R.L. SAUNDERS

writer attempting real life in the middle of everybody else's vacation

Bern smartly, pale and precious candles of hope.

 

Bernie rally

My kids and I rallied for Bernie (literally) and we’ll be leaving our A FUTURE TO BELIEVE IN sign up in the living room indefinitely. But despite all the Bernie Or Bust up here in the Great White North (by people who are suddenly much smarter and more committed to their ideals than Bernie), this Bernie-loving progressive is WITH HER (you know, like Bernie). For whatever reason, it seems entirely plausible to me that Bernie’s in a position to know something about the best course of action for the revolution he inspired. Those ideals are closer than ever to becoming reality–just look at the Bernie youth vote! That’s our future! Yay! And it’s the much nearer future if a need for immediate gratification doesn’t fuck it up by inadvertently setting human and civil rights progress back a good century.

And all these recent variations on the idea that “Bernie or Bust” is at this point, in part, a reflection of white privilege? They ring pretty true, if we can be a little bit honest with ourselves for a sec.

I know this is the first time some Berners have cared much about our political system (welcome i love u so much plz never leave), but the way it typically works is: sometimes your preferred candidate wins and sometimes he or she loses. If your fav comes up short in the primary, it feels good to amplify and hold tight for a while to all the (founded and unfounded) negativity spewed in the process. Thing is, while Bernie was screwed in many ways (He totally was! I so get it!), Clinton won, even adjusting for our completely imperfect and sometimes corrupt system. Hillary MOPPED THE FLOOR with Bernie in the South, actually. The reality is that some of us are clinging to hurt and divisiveness (and yeah, hate) instead of even attempting to see what is now our most reasonable, sustainable (if slower) path forward. And it’s making me sad. Not like personally terrified for the immediate safety of my children sad, because my family will still be comfortably white during a Trump presidency. Just run-of-the-mill middle class white lady bleeding heart liberal sad.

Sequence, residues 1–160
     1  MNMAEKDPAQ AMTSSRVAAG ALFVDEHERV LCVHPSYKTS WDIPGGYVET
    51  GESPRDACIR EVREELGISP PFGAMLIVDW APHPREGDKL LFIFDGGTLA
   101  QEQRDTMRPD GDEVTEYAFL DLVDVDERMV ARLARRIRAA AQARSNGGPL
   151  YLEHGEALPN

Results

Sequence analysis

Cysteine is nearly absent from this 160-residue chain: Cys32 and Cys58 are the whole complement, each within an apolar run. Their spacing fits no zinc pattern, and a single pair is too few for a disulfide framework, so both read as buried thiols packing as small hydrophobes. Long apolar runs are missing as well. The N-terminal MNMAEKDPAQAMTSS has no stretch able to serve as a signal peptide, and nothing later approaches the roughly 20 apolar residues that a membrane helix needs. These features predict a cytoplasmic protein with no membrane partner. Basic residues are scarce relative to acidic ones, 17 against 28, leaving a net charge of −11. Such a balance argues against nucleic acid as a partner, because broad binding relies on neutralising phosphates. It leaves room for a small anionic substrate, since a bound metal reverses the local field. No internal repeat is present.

Seems a little like love is the answer unless things don’t go exactly our way. Like, discount the validity of minority votes because why? They’re not as enlightened about the path forward as we are? They just don’t understand all the secret winking, or whatever, that Bernie is doing to signal we’re supposed to write him in or vote third-party? It’s our moral duty to have hope for the masses of misguided hopeless minorities in place of their own hope (poor things)? Come on. Bad hippies. Bad.

To whitesplain: The best yurt builder in the world has devoted himself to helping you build your  environmentally sound, non-GMO, most amazing dream homestead for free. And he’s making good progress on the project, but you’ve decided to burn the whole thing to the ground in a fit of rage because he’s taking longer to finish than you expected. That doesn’t teach the world about the pace at which you demand things get better. It just devastates your own family.

At some point (preferably before November), I hope we’re better able explore and genuinely consider the difference between unbridled hope and unbridled ignorance.